In This Review

Counting the Public In: Presidents, Public Opinion, and Foreign Policy
Counting the Public In: Presidents, Public Opinion, and Foreign Policy
By Douglas C. Foyle
Columbia University Press, 1999, 379 pp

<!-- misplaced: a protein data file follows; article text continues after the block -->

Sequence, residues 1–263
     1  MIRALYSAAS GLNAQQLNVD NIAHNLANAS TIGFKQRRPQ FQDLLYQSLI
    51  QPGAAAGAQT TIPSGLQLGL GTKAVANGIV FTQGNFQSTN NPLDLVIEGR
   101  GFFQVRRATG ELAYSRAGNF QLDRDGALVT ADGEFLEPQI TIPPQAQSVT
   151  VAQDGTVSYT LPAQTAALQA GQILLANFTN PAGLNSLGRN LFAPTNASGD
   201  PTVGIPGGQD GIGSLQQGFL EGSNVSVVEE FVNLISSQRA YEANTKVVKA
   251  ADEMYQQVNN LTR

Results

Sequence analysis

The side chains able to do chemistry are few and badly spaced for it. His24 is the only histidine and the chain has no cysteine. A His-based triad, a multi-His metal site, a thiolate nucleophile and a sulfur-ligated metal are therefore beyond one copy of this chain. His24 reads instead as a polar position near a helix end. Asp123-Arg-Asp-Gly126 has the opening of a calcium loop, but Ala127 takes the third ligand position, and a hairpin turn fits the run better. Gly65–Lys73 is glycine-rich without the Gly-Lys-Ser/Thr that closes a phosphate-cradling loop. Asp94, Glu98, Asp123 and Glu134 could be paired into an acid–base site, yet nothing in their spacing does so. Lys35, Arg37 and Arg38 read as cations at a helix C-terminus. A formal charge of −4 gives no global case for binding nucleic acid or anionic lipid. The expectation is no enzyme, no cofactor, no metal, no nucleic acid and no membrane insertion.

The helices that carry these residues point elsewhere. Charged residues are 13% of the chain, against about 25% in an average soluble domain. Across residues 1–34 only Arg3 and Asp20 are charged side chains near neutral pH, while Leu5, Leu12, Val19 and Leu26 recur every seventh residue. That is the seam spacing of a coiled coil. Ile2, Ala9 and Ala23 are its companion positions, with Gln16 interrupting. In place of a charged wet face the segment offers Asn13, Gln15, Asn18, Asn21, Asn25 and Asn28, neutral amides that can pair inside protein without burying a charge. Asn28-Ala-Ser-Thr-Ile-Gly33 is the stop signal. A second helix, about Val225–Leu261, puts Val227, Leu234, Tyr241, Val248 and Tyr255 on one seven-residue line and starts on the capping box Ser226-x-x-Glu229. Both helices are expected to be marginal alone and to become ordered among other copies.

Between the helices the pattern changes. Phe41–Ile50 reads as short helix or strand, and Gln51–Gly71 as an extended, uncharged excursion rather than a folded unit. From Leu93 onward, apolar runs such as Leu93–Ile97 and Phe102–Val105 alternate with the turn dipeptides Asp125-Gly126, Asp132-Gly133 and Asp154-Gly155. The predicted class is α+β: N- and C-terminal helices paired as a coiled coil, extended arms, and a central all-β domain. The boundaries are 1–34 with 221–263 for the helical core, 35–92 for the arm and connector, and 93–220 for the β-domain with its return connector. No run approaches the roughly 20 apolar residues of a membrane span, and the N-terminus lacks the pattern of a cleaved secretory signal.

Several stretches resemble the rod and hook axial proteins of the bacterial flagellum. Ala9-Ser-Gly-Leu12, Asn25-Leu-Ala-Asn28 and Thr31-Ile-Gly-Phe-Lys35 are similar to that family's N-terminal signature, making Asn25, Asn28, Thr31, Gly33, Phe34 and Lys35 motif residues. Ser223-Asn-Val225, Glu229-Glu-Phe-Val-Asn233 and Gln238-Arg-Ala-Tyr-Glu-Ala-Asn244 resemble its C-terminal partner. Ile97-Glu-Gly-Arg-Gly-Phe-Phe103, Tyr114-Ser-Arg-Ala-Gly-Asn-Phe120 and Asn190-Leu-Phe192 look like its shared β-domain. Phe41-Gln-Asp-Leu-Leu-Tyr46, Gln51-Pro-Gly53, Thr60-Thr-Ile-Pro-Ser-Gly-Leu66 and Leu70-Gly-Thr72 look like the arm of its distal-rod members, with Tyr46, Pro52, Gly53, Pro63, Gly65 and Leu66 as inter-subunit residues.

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Foyle tackles the same subject as Kull and Destler but from the side of the policymakers. Two questions underpin his analysis: Do presidents think public opinion should guide foreign policy? Or do they at least work concern over public opinion into implementing their policies? Some presidents -- the author calls them "guardians" -- simply marched to their own drummer. For Foyle, this means Reagan, Truman (doubtful), and even Johnson (who should not be in this category at all). At the other extreme are obedient "delegates," namely Clinton. And in the middle is the "executor" model -- a president who believes public opinion is important in choosing a policy but not in fashioning its implementation. Carter alone falls in this curious category. The rest are "pragmatists"; Eisenhower's pragmatism is especially stressed in Foyle's case studies. Such labels seem artificial, like singling out the colors of a rainbow. But there is a spectrum of beliefs about the public role in policymaking, and Foyle helpfully draws attention to it.